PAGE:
Exercise-Associated Hyponatremia in a Lactating Female

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Abstract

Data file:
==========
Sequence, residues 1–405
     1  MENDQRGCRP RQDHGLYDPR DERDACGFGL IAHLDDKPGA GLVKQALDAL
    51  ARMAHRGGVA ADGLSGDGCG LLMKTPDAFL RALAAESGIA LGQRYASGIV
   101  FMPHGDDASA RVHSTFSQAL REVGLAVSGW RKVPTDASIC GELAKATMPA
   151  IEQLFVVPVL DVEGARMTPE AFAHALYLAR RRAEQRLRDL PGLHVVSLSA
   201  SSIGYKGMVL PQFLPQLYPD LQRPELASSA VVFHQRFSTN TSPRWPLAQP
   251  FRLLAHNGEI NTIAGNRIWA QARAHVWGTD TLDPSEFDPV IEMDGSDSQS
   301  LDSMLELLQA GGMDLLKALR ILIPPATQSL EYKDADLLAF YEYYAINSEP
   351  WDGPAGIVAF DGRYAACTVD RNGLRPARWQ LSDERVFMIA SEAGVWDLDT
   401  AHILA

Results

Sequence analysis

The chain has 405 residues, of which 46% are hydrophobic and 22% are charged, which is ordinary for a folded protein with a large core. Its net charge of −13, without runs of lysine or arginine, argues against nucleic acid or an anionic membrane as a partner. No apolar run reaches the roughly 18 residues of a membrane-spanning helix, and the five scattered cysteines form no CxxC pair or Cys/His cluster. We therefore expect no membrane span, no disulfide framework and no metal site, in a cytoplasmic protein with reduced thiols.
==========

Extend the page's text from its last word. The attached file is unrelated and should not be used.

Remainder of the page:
A 37-year-old woman presented to the emergency department with severe headache, which quickly progressed to altered mental status and seizure activity in hospital. Her initial serum sodium concentration ([Na+]) was 126 mmol/L. In the 24 hours before admission, she exercised vigorously for 120 minutes (interval training plus yoga) and also consumed more than 4 liters of fluid during that time to both stay hydrated and facilitate milk production because she was actively nursing 2 children. Her serum [Na+] and altered mental status corrected slowly over the next 48 hours with furosemide, hypertonic saline, and fluid restriction. This case is unique because it discusses the possible pathogenic role that lactation-induced oxytocin release may have on sustained antidiuresis and dilutional exercise-associated hyponatremia (EAH). This would be the first report documenting EAH in a lactating woman, which may highlight an underrecognized risk factor for physically active women who are concurrently breast-feeding.

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